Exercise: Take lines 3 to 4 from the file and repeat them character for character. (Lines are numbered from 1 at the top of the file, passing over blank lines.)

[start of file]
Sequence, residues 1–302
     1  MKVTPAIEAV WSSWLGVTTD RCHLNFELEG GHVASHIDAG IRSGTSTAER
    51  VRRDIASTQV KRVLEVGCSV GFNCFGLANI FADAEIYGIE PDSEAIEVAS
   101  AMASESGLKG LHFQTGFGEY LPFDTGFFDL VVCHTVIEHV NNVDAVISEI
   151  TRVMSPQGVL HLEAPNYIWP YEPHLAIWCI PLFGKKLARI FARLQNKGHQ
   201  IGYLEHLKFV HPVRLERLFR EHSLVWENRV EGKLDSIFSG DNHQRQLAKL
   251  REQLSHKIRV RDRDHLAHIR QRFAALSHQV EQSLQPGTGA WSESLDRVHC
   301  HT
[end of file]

    51  VRRDIASTQV KRVLEVGCSV GFNCFGLANI FADAEIYGIE PDSEAIEVAS
   101  AMASESGLKG LHFQTGFGEY LPFDTGFFDL VVCHTVIEHV NNVDAVISEI